AR Classics: Ed Gyurko on How to Impress Industry Analysts (2001)

When Ed Gyurko first approached industry analysts as a marketer for the technology company he then worked for, he did it all wrong. He says, “I mistakenly thought that that industry analyst relations were just like media relations. I thought, ‘Well, ok I’ll make a few calls.'”

Although you need to handle them very differently, analyst relations absolutely affect media relations because journalists constantly turn to analysts at Gartner, Forrester, IDC, and other firms for independent third party quotes.

1. Start with an In-Person Analyst-CEO Meeting

You cannot impress analysts by peppering them with press releases, phone calls and Webinar invitations. A strong analyst-company relationship almost always requires an initial in-person meeting. “Chemistry is critical.” Gyurko’s advice for your in-person meeting:

Never schedule your analyst meetings and press tour together.
If an analyst has any objections to your business plan, product, or service (and they will probably have at least one because a big part of their job is to find problems and suggest solutions), you’ll need time to address these concerns before letting the press know that they can get a quote from an analyst.

Gyurko explains, “For example, after you meet with the analysts at Forrester, you go on to Fast Company and the journalists ask who else you’re meeting with. Your CEO’s so excited that he says, ‘We just met with Forrester,’ and sure enough that journalist is going to go to Forrester looking for a negative quote. Negative stuff is great copy, it helps them sell papers.”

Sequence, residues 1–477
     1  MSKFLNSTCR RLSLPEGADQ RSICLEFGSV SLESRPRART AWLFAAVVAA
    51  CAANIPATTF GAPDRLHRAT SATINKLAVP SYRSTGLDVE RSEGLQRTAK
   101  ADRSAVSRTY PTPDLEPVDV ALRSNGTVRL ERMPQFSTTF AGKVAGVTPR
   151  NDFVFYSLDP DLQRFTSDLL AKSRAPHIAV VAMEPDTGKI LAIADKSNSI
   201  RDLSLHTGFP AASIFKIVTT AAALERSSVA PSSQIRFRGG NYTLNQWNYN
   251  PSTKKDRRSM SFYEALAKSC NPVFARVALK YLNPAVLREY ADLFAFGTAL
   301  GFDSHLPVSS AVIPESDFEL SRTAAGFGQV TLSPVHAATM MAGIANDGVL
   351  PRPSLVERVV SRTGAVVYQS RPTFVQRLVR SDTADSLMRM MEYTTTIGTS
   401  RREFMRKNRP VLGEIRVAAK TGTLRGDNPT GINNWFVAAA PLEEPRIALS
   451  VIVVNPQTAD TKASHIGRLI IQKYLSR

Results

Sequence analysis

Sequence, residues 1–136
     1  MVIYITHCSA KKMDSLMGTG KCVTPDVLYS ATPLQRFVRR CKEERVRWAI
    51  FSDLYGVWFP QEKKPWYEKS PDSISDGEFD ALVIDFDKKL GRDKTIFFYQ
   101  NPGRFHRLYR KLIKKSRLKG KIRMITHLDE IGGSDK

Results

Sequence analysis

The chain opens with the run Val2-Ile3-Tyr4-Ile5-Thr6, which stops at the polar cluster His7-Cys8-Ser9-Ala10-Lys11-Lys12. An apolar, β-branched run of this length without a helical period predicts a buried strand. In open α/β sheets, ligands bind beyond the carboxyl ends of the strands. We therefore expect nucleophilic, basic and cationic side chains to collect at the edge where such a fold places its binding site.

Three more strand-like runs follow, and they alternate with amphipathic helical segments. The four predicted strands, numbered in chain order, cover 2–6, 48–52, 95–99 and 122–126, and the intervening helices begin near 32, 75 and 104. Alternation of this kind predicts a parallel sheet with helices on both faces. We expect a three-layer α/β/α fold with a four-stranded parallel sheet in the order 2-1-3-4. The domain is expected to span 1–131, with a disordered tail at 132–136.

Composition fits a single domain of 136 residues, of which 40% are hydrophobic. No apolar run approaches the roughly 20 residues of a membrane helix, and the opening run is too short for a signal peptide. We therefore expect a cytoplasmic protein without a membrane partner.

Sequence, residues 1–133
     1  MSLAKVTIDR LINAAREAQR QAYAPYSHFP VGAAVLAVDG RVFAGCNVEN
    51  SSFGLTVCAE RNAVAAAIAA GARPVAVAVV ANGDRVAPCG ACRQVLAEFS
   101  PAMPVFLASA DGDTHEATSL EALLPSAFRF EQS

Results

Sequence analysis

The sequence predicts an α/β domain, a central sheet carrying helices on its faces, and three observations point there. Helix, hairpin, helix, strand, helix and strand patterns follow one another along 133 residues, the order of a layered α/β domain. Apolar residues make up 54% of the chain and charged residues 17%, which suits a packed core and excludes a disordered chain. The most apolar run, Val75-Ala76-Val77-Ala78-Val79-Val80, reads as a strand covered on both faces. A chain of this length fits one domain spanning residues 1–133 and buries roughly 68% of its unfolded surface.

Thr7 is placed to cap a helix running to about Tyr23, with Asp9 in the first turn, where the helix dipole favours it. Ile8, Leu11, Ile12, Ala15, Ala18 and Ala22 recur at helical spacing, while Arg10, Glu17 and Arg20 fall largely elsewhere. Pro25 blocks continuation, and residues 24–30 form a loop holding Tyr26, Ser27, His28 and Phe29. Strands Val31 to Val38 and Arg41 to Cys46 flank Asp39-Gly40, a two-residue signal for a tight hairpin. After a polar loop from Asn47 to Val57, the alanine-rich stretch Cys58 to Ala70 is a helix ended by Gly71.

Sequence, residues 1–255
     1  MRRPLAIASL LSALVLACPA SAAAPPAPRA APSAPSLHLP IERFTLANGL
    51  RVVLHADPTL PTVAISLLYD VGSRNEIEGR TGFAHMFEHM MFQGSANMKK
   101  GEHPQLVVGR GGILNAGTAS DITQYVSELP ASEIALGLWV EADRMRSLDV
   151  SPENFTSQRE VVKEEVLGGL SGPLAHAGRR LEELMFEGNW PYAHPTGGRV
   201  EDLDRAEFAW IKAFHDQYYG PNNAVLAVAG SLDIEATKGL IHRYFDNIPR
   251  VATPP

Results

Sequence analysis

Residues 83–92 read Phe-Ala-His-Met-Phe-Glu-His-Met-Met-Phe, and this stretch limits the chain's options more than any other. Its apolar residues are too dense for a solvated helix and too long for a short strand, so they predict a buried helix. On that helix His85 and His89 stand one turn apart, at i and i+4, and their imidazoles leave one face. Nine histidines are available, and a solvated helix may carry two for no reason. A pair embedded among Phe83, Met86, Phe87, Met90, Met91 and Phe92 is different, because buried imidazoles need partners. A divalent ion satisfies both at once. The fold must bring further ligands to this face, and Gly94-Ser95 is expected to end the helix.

He advises that you talk to analysts at first under NDA (non-disclosure agreement) and then, after making any adjustments needed to either your plan or your media message, let the press call analysts.

Cultivate multiple analyst relationships “The biggest myths about analysts is to say, ‘We met with an influential analyst and we’re covered,'” Gyurko says. “A lot of times you need to meet with multiple analysts, and often multiple analysts at one firm. For example if you are an ASP telecom company with an international partner, that’s three different divisions at IDC.”

Gartner Group has more than 800 analysts, and no you cannot count on the one you met with to spend their time fully informing the rest about you. That is your job.

It is easy to figure out which analysts to meet with — simply surf news sites and news databases looking for articles relating to your product, service or marketplace, and track which analysts are quoted.

Keep your PowerPoint slides to a minimum. The first time you meet with an analyst, you will probably only get a half hour. Do not waste the time with endless slides. Gyurko suggests you only use 3-5 slides at maximum.

Your slides should feature in-house research such as customer survey results (not research numbers from the analysts themselves, or heaven forbid their competitors), product details, estimated finances, customer breakdowns, and marketing plans. You do not need to worry about impressing the analyst with market size figures — it is their job to know that data already.

Be sure that everything on the slides including timelines is something you definitely can meet — analysts will watch you carefully over the next time period to see if you live up to those initial promises. You will destroy their faith in you by over promising and under delivering.

Ask analysts for partnership and customer suggestions.
Analysts can be your best allies when seeking marketing and strategic partnerships. Definitely ask for their input and possible introductions on this front during your half hour.

Gyurko says, “In almost every briefing I’ve had, the analyst will say ‘Some of my clients are people you should meet with’ or they’ve recommended customers or suggested partners. It becomes a new business meeting.”